Social Determinants of Health (SDoH) Impacting Treatment and Management of COPD

Social determinants of health (SDoH) can create major barriers for access to care.

Jeffrey D. Dunn, PharmD, MBA: Right now, there’s a hot topic: social determinants of health. We see that a lot. I’m not sure everybody fully understands that, but there are a lot of people involved in these types of programs. How do they impact this particular disease state? How do we approach it in terms of treatment management?

Mike Hess, MPH, RRT, RPFT: From a respiratory therapy and public health perspective—which is how I come at it—I look at social determinants as the things outside the directly clinically modifiable things that affect your health. These are things like your housing situation, your environment, and your neighborhood.

Looking at it through that lens, people with COPD [chronic obstructive pulmonary disease] are hit with a double whammy. People with low socioeconomic status are often the ones who are most prone to smoking. They’re the most likely to have poor air quality in their environment. They’re more likely to have irritants in their home that can cause problems in their lungs all around. Once they have developed these symptoms and once they’re diagnosed, they also have the greatest barriers to obtaining care. They have difficulties obtaining the diagnosis to begin with because they have difficulty getting to the proper clinicians to get the diagnosis. They may not be able to afford their medications. They often don’t have great health literacy, so they may not understand exactly how to take their medications.

Unfortunately, as we learn more about COPD, we’re also learning that it isn’t only the social determinants of care as an adult. It extends back into youth. The environment that you live in when you’re younger in addition to genetics can affect the trajectory later on in life. As Rey pointed out, the main risk factor is tobacco smoke, but we also have to start looking back further and seeing what other pollutants and exposures are there. Have you been exposed to biomass? We have low socioeconomic places in this country. I live in Michigan, where a lot of folks are using biomass for heat and cooking, especially in more rural areas. They’re tightly tied together, and it comes at it from both the pathogenesis and therapy sides.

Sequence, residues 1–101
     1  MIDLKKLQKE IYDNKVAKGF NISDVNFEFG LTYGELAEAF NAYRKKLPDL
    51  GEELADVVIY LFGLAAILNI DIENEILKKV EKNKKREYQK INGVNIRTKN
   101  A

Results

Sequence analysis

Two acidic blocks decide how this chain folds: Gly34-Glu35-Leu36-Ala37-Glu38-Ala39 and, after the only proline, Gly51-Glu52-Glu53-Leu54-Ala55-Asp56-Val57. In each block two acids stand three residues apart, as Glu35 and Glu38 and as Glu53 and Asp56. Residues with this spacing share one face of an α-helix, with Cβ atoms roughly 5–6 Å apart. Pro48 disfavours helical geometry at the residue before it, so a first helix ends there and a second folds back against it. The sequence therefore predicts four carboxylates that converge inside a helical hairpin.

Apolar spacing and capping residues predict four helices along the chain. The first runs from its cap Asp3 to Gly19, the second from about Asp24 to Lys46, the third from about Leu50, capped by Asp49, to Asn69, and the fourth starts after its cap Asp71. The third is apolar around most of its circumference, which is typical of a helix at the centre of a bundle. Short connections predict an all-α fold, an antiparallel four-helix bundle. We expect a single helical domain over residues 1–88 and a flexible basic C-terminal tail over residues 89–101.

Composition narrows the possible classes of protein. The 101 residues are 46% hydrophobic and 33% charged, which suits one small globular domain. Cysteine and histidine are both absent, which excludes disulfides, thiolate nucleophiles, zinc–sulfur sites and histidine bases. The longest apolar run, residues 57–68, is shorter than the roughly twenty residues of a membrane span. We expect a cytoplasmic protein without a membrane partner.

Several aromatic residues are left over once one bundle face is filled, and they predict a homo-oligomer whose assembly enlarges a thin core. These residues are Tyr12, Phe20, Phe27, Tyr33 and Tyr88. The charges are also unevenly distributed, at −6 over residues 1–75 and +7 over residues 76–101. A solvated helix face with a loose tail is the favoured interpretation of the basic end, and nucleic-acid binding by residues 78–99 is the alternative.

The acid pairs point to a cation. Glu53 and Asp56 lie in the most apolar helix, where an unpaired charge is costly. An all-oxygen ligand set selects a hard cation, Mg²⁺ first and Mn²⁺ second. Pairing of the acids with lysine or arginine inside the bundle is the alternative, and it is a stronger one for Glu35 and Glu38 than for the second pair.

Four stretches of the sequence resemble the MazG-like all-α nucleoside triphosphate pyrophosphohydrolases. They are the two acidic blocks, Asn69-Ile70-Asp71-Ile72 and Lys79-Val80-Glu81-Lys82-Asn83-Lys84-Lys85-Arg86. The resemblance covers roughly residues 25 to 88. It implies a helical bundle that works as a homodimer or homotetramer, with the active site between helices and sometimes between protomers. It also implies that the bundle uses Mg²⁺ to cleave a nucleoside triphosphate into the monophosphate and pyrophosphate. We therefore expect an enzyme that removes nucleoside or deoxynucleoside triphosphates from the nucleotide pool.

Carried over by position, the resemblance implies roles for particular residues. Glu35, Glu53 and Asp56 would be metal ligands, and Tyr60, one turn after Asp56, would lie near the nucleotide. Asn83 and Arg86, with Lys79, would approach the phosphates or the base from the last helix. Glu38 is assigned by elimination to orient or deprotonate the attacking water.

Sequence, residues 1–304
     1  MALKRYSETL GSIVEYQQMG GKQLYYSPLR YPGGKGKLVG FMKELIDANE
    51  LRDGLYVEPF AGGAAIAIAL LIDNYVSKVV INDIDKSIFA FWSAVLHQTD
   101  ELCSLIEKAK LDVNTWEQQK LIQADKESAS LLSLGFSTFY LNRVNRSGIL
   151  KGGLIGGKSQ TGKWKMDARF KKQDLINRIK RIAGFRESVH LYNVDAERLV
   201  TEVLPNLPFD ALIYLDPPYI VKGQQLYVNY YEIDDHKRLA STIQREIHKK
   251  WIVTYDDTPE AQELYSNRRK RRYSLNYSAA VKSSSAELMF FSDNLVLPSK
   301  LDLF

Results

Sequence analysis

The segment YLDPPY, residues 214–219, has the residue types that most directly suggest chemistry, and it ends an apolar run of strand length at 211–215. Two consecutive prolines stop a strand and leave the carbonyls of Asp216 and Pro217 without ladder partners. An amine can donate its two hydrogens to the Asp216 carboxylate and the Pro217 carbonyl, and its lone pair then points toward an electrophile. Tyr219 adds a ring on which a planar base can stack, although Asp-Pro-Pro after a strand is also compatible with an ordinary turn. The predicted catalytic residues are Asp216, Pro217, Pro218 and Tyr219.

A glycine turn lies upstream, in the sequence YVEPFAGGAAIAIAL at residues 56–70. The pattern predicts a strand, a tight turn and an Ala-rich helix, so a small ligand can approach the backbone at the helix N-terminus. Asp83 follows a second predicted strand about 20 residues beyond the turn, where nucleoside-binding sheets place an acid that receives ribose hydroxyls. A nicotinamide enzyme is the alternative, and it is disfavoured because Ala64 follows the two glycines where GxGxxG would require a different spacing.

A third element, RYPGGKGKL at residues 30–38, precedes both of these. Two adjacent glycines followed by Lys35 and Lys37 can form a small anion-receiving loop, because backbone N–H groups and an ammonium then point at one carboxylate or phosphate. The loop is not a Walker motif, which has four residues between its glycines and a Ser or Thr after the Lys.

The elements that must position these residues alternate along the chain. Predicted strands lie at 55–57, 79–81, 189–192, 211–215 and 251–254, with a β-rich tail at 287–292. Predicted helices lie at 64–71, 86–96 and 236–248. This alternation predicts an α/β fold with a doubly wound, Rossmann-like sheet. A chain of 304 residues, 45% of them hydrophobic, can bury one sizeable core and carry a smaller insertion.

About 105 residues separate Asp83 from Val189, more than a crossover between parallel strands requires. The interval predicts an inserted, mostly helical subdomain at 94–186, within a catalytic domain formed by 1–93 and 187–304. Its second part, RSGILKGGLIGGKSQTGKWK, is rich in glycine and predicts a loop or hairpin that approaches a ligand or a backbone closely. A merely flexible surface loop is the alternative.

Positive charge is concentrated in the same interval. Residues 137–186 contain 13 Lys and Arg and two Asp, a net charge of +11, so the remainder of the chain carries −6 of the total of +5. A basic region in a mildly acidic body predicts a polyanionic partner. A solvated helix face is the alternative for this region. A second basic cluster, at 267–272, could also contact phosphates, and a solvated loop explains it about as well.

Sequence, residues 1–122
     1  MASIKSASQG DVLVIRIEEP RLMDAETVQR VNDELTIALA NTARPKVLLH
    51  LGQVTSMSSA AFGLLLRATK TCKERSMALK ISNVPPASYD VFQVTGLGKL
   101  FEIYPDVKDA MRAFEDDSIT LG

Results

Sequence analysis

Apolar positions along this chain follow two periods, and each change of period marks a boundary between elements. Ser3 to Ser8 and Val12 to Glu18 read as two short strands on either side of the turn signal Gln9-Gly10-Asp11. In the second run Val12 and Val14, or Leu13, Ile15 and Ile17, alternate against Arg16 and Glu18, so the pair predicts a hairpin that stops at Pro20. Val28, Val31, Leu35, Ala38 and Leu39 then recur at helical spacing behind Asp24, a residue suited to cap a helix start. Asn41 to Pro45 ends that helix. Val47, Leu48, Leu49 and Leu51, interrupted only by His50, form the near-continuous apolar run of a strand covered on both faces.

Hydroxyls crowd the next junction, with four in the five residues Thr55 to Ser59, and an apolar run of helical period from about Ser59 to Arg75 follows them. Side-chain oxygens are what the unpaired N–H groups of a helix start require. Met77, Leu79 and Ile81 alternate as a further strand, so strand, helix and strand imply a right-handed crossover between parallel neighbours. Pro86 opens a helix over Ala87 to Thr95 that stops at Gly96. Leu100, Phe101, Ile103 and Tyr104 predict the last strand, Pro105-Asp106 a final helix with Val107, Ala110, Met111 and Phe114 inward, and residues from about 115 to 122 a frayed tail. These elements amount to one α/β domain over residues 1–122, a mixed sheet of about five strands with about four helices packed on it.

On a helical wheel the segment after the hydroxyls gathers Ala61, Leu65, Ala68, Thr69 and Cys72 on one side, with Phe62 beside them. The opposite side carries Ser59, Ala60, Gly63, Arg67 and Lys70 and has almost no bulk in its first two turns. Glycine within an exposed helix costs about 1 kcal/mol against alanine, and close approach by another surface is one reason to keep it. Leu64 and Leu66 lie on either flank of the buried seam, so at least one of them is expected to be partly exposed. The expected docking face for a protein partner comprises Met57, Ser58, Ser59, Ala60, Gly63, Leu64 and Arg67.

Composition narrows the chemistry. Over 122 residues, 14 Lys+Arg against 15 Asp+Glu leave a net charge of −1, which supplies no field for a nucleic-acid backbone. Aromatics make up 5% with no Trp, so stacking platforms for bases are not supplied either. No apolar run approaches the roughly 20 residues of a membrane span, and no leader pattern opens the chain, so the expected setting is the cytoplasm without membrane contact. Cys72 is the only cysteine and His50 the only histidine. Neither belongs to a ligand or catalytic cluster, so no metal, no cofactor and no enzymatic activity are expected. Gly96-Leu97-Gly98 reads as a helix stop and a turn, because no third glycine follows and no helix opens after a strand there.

Jeffrey D. Dunn, PharmD, MBA: We’ll probably come back to this in a little while, but how do we address that? How does that change what we do with different patients?

Mike Hess, MPH, RRT, RPFT: It’s difficult because it’s easy to identify the problem, wave a magic wand, and say, “This is how we fix it.” One of the best things we can do is to start looking for COPD from an earlier age. This has often been diagnosed well after a lot of the damage has been done in the lungs, after people have developed symptoms and already started to adapt their lifestyles to them. The most immediate impact we could have is by getting clinicians to look at screening and diagnosis much earlier, even in patients in their 30s and 40s. We may not be able to influence the trajectory at that point, but we can get these things on our long-term radar so that we can take care of people better down the line.

Jeffrey D. Dunn, PharmD, MBA: Perfect. That’s a perfect recommendation. That was a great overview of COPD. I’ll try to summarize it, and then you guys jump in and tell me if I’ve missed high-level points. COPD is different from asthma. Fortunately, the biggest risk factor for COPD is smoking, which is modifiable. COPD is different from asthma in that it’s multisystemic, it has a high clinical and economic burden, and that different social determinants of health play a role in terms of who gets access to therapies and how they’re screened, identified, and treated. Is that a fair summary?

Reynold Panettieri, Jr, MD: Well said.

Transcript edited for clarity.

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